In the Houston Independent School District's board meeting on Thursday, May 14, the board of trustees voted in favor to begin a process that would designate HISD a District of Innovation.
The ruling allows HISD to begin the process of receiving the DOI designation and to join the almost 900 other Texas school districts with the designation, which would be implemented for the 2021-2022 school year.
The designation would allow for several exemptions from state law, including beginning the school year earlier than the fourth Monday in August, allowing flexibility in attendance requirements, and allowing for non-accredited teachers to conduct Career and Technical Education courses.
Before the HISD board discussed the motion and voted, they heard from community members who expressed concern with this particular accreditation matter during the meeting's call for community speakers. Due to COVID-19, the speakers wrote in their concerns, which were then read for the board.
Andrew Dewey, executive vice president of the Houston Federation of Teachers, asked the board to oppose the motion as the exemptions allowed by DOI aren't in themselves innovative, he says.
To allow for non-accredited CTE instructors, "the district would have to be exempted from the entire section of the law requiring certification," writes Dewey. "That action would open the door for future administration and school boards or board of managers to allow non-certified teachers in other content areas."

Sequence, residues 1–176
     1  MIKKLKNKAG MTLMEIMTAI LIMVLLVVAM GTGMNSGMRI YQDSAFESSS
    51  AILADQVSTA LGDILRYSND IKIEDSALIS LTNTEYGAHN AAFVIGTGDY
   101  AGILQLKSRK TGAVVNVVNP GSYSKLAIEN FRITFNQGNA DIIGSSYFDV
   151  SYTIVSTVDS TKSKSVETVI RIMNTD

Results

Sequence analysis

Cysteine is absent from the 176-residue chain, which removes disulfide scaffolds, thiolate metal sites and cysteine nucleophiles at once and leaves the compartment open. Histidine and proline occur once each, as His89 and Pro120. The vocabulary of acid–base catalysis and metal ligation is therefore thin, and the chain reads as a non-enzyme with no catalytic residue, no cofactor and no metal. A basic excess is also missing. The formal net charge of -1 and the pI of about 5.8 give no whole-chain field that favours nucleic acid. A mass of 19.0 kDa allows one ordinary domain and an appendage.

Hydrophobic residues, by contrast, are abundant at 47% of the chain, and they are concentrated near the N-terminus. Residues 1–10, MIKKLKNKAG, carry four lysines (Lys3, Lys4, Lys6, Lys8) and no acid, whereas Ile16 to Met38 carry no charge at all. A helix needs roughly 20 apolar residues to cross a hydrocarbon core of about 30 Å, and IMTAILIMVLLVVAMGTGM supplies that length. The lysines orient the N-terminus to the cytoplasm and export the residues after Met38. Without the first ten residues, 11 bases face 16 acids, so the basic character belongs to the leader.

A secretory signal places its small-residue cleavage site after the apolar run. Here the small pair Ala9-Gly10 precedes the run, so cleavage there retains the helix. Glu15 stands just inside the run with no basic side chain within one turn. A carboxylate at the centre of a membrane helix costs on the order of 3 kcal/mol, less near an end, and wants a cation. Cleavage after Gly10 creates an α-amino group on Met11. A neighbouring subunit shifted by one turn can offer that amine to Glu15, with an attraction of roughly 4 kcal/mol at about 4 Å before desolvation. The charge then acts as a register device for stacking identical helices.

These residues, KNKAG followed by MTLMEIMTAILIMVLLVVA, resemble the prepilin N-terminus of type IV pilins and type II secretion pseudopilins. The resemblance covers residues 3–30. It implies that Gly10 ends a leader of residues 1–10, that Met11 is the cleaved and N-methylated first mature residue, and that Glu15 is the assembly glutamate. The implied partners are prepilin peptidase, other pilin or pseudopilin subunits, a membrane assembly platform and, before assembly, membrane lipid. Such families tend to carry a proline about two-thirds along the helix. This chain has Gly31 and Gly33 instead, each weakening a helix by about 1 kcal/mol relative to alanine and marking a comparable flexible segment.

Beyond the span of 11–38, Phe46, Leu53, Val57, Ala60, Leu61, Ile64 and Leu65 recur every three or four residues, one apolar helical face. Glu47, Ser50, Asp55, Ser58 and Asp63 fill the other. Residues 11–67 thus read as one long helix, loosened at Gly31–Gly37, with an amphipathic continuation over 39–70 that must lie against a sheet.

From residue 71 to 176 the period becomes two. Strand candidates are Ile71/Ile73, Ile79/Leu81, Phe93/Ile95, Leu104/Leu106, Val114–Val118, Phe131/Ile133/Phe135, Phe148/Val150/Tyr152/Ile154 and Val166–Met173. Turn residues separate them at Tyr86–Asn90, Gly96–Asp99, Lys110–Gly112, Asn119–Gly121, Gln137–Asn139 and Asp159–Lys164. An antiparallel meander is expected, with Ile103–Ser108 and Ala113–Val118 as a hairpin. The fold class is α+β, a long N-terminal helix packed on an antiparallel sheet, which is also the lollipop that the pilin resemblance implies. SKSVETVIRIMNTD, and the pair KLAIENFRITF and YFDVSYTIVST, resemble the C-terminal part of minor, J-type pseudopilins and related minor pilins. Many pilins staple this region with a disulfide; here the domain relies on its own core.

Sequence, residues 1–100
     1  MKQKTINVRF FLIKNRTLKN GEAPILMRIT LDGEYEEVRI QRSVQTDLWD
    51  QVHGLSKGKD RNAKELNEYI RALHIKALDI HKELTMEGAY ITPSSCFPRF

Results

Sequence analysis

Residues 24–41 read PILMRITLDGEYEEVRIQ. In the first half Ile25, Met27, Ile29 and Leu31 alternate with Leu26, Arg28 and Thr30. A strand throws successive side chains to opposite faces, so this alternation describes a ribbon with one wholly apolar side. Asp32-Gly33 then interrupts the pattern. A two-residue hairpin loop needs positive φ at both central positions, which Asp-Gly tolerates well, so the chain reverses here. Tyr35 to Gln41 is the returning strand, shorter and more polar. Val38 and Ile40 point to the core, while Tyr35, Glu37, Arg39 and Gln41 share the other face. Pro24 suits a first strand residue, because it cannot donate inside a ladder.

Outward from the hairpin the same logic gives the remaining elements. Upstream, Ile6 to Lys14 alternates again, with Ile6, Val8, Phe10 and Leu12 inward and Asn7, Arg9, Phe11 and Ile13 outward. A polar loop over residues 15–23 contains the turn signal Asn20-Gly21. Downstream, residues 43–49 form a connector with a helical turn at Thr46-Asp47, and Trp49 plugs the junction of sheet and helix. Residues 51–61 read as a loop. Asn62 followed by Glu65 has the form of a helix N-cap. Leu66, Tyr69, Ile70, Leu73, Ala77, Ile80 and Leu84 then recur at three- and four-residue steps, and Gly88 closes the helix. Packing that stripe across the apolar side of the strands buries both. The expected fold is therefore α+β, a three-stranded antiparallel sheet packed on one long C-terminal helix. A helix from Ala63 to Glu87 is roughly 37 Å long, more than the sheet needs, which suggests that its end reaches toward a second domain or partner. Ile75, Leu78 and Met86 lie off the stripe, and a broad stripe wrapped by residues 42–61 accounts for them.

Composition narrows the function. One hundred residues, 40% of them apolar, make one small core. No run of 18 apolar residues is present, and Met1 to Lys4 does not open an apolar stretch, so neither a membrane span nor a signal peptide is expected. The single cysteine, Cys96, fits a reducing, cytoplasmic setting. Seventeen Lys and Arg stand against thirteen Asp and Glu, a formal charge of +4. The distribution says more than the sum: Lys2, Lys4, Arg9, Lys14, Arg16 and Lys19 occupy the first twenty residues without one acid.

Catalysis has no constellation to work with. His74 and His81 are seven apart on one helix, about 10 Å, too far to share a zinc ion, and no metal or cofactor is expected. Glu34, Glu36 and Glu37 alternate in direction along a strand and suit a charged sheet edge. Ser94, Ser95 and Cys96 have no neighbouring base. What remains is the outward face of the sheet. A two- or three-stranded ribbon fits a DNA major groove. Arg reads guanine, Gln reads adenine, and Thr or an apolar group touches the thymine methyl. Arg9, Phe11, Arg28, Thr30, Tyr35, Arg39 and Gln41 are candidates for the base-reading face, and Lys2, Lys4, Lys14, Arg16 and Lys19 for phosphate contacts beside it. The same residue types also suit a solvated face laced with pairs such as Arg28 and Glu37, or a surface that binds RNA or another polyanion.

Several other community members voiced this concern over allowing non-accredited teachers, and another concern was timing of the motion. A few community members argued that now is not the time to pursue the DOI designation — and Trustee Elizabeth Santos of District I echoed that concern.
"Our students deserve better than to have something shoved down their throat when there's a pandemic, and we should be solely focusing on safety and instruction," Santos says in the meeting.
Trustee Anne Sung of District VII made a motion to push back voting on the matter to the board's June meeting, but the motion was struck down in a 3-6 vote. Moving forward, Sung called for the district to proceed with caution on the accreditation of teachers.
"I want to say publicly that in the plan I will be looking for extreme rigor in protecting certification in our teachers," Sung says in the meeting.
Now that the motion has passed, it has allowed HISD's Superintendent Grenita Lathan to push forward on the DOI designation. The district's next move is to create a planning committee and collect the community's concerns on the process.